Aer Lingus has rejected the latest takeover bid from Ryanair. This was the third time that the Irish budget airline put an offer forward, only for the flag carrier to say the bid fundamentally undervalues its business. The first offer was made and turned down almost six years ago.
On Wednesday, Aer Lingus claimed that concerns raised about competition by Ryanair’s interest have grown. The budget airline is the biggest shareholder of the flag carrier, holding a 29.82% stake. It’s ambitions to buy the rest of the company have been halted twice in the past – 1) an objection from the European Commission against the merger; and 2) an investigation by the Competition Commission into the existing holding Ryanair has in its rival. In the 12-months to March 31, 2012, Ryanair carried over 75 million passengers. Together with Aer Lingus, the airlines accounts for most services operated from Dublin Airport.
Ryanair’s most recent offer values Aer Lingus at €1.30 per share (or £1.02 per share). This is much less than the €2.80 per share offered in 2006, during the flag airline’s flotation. This was before the aviation industry was going through a long period of instability due to weak passenger demand after the credit crunch and high fuel costs. The budget carrier returned to Aer Lingus with another offer of €1.40 per share in 2008, but this was rejected since the bid was 31% below the airline’s €1.87 gross cash per share.
Aer Lingus has urged its shareholders to reject the bid, reminding them that the 2006 offer from the carrier was prohibited by the European Commission on ground of competition. The airline said that the board believes the reasons for prohibition are even stronger now than before due to an increase in the number of routes the budget carrier would monopolise. It also noted that the board has been legally advised that the European Commission is likely to halt the Ryanair bid. The carrier added that, therefore, this isn’t a bid that’s capable of being completed.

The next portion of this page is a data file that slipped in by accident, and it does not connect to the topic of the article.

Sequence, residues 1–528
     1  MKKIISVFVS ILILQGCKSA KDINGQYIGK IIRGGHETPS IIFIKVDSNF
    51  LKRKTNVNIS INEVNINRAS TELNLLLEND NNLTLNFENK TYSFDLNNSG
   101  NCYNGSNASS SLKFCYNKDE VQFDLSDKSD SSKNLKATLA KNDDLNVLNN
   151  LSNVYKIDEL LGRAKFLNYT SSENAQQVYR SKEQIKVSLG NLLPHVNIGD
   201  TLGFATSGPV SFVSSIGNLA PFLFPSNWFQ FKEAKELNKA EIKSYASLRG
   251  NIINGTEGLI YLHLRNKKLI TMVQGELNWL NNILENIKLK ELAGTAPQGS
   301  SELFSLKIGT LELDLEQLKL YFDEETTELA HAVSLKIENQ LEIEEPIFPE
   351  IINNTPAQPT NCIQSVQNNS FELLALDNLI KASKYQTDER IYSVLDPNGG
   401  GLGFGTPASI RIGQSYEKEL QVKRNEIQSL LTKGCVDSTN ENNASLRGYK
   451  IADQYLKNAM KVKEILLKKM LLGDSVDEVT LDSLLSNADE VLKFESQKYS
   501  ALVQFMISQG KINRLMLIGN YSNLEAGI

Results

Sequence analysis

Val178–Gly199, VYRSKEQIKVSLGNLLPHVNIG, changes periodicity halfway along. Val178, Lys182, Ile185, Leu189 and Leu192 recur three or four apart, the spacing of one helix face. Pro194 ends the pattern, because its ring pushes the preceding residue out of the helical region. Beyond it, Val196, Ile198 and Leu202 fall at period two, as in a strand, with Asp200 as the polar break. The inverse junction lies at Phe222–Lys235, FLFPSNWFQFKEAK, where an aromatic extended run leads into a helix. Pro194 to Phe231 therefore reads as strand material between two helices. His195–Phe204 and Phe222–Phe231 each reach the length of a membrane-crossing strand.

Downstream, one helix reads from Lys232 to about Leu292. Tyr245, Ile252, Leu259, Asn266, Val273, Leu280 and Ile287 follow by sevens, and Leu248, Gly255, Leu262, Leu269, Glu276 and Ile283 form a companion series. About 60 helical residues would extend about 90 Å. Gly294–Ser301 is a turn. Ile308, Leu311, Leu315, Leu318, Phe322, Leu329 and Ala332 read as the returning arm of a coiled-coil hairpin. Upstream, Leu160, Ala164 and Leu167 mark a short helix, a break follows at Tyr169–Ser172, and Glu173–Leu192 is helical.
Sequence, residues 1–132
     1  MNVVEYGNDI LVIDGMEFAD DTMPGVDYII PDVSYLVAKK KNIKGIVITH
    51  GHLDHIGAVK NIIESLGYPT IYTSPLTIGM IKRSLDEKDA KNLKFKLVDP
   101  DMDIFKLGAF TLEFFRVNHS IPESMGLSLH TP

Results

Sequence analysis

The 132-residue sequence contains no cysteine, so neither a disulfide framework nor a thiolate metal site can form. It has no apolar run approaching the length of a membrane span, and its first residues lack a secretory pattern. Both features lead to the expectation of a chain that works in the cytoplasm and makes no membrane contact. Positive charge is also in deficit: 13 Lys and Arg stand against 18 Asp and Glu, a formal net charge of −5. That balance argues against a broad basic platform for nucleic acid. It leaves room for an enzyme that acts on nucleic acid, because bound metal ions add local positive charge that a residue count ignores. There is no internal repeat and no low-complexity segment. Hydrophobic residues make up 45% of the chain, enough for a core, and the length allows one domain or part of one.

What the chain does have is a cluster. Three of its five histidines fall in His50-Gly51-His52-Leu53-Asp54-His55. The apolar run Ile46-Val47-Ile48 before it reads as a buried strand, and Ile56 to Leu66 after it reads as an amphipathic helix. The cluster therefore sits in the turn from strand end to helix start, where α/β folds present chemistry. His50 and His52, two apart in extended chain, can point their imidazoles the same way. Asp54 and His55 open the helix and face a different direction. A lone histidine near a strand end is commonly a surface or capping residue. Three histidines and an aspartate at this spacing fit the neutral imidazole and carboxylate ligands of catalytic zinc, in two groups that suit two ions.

Aer Lingus gave this response after the offer document from Ryanair was published on Tuesday. The budget airline claimed in the document that it would add jobs at the flag carrier and raise the company’s passenger number from 9.5 million per year to 14 million. The airline said the ambitious passenger growth targets would have to be met with more engineers, pilots and cabin crew.
However, it suggested changes would be made to the terms and conditions in staff contracts. This is because a reduction to fare prices at Aer Lingus would be combined with improved productivity among its staff in order to keep costs down and maintain profit margins. One of the key factors in the low-cost carrier’s business is low labour costs, as the savings are used to lower ticket prices.
The Irish government is the second largest shareholder of Aer Lingus, at 25%. Last month, it said it would consider the latest bid from Ryanair, following more fierce rejections in the past. The third largest stake is 4%, which is held by Irish entrepreneur Denis O’Brien. He said last month that the new offer from Ryanair undervalued Aer Lingus and could be a trick to start talks with Etihad Airways, which has a 3% hold in the carrier.
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